USA Water Polo Holiday Cup: US Women Escape with Win On Penalties in Sudden Death; Streak Now at 65

USA's Melissa Seidemann defending Holland's Ilse Koolhaus. Photo Courtesy: USA Water Polo

PRINCETON, NJ. After having not lost in 624 days — a span of 64 matches — the U.S. Senior Women’s Water Polo team twice stared down defeat before rallying to beat the Netherlands 23-22 via penalty shots on Day Two of the USA Water Polo Holiday Cup. It was such a crazy game — one day after the American women had stuffed Russia 9-5 in a defensive slog — that U.S. Head Coach Adam Krikorian could only shake his head in disbelief after his team gave up more goals in a game than they had at any time during their run of success.

usawp“I hope the fans enjoyed today because that was exciting for [them],” Krikorian said after the match. “I don’t know if it’s exciting for the coaches… [it’s] not for my liking. Too much scoring.”

He added: “For someone who is more defensive minded, that was a tough game to watch.”

The U.S. win in dramatic fashion capped an evening of exciting action at Princeton’s De Nunzio Pool. In the earlier game, Italy came from behind to tie Russia late before capturing an 18-16 win, also on penalty shots. It made for a fantastic second day of action in The Garden State, as five of the top women’s teams in the world —Canada had the day off —compete this week to advance to the finals on Saturday at 11:30 a.m.

Tuesday’s matches: Canada vs. Italy and Russia vs. Netherlands; both can be streamed via Facebook here.

All offense as defense takes the night off

As Krikorian phrased it, the USA vs, Holland match was a tale of two sides; phenomenal offense and awful defense. For the visitors, Maud Megens found the back of the net six times, including two successful penalty shots, while teammates Kitty Lynn Joustra and Bente Rogge had four scores each. Sabrina Van der Sloot, the brilliant Dutch attacker, had three scores, but  her miss in the shootout allowed the U.S. to escape with the win.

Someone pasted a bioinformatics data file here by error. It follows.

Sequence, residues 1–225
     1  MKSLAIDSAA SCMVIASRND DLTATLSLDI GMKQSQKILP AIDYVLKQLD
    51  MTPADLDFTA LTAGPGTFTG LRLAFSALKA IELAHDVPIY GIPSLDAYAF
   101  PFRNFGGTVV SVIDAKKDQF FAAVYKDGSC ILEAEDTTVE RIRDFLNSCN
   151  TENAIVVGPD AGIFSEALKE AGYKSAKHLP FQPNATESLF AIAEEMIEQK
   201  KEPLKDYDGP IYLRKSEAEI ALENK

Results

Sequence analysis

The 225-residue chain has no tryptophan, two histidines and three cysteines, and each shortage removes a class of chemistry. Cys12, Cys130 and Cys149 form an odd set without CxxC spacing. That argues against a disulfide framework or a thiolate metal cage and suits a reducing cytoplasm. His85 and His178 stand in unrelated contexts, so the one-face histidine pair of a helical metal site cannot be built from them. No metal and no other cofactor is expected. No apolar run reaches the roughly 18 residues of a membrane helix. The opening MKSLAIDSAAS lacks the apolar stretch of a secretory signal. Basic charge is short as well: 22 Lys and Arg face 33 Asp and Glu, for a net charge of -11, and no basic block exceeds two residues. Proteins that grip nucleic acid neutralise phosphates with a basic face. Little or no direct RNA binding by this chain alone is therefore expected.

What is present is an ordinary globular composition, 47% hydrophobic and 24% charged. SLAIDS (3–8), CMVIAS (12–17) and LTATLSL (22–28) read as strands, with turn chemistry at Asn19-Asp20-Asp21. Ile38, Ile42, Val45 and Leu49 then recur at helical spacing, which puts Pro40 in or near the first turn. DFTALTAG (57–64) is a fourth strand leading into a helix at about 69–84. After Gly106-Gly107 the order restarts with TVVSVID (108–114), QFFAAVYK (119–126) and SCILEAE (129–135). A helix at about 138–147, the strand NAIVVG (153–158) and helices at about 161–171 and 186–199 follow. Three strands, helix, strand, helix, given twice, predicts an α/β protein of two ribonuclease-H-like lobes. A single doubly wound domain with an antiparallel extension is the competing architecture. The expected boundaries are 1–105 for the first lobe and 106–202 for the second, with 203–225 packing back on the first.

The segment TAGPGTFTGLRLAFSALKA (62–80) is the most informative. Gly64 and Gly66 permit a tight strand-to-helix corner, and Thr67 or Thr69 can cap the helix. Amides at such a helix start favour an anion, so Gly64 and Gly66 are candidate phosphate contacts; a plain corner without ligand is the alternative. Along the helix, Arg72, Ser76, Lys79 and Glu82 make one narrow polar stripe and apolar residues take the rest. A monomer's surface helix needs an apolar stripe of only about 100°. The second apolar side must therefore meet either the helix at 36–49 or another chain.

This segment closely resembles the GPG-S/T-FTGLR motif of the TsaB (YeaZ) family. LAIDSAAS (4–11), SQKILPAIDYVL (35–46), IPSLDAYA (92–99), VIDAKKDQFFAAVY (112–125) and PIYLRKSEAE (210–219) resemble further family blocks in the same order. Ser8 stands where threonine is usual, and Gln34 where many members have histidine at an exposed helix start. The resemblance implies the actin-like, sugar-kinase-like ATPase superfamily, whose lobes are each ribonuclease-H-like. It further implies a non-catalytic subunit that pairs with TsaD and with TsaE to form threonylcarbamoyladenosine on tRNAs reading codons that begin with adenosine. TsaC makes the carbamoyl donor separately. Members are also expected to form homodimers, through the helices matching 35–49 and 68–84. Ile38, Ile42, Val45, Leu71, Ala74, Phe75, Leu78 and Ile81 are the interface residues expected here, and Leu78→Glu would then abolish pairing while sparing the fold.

The Americans, with ten players scoring, were more balanced in their attack, as Alys Williams and Stephania Haralabidis both registered hat-tricks. Not including the shootout, there were 11 lead changes, and the score was tied ten times, including 18-all at the end of regulation.


Holland’s Sabrina van der Sloot. Photo Courtesy: FINA

Midway through the second period, the U.S. took a 7-4 lead on a goal by Haralabidis, which was their biggest of the game. When Joustra, Maud Koopman and Van der Sloot scored in succession to close out the third period, the Netherlands had a 17-15 lead and the U.S. streak was very much in jeopardy.

[Want to See the World’s Greatest Water Polo Players? They’re in New Jersey This Week]

But you don’t win so many times in a row — or enjoy the success the Americans have, including back-to-back Olympic gold medals — without being able to dig down deep and rally. Which is what they did. With five minutes left, Rachel Fattal converted a beautiful pass from Maggie Steffens to make it a one goal game. A minute later Steffens got her team even with a great finish off a helper from Kiley Neushul.

The Dutch again took the lead, as Rogge scored with three minutes to go, but a steal by Aria Fischer with a minute and half remaining led to a goal by Haralabidis, knotting the score at 18. Both teams had chances to win it in regulation, but neither could take advantage, including a last second scoring attempt in front of the U.S. goal by Brigitte Sleeking that was broken up by Team USA’s Maddie Musselman.

Johnson stands tall in goal

Johnson came on in relief at intermission after Amanda Longan gave up 10 goals in half, but the American’s all-world goalie couldn’t stem the offensive tide. It wasn’t until the shoot-out that her brilliance shown through, as she turned aside three Dutch attempts, none larger than when Van der Sloot was aiming for the win. Johnson stopped her and then — following a successful conversion by Kaleigh Gilchrist — ended the match with a stop on Rogge, giving her team yet another victory.


USA’s Ashleigh Johnson. Photo Courtesy: Mariana Bazo

For an American squad hat always strives for perfection, there are important lessons to be learned from this match — examples that will be applied in pursuit of a third-straight Olympic Gold next summer in Tokyo. That they rallied from a two-goal deficit in the fourth period — the first time within memory that they’ve trailed so late in a game — and that goalie Johnson and her veteran teammates will come up big when called upon.

What may be most unsettling to American opponents is, after escaping with a sloppy though entertaining win, the Americans will double down on their work ethic — so they’ll be even better next time.

“It’s my job to make sure that we stay as focused as possible,” Krikorian said about the constant pressure to succeed his players are faced with. “That game is going to give us a lot of info — a lot of video to go back to and keep us humble, hungry and allow us to stay focused.”

Imagine that; after being perfect for more than 20 months — and winning every major (and minor) tournament that the water polo world has to offer — Team USA will look to get even better.

If Krikorian and his players have their way, this streak of success will likely never end. One game at a time.

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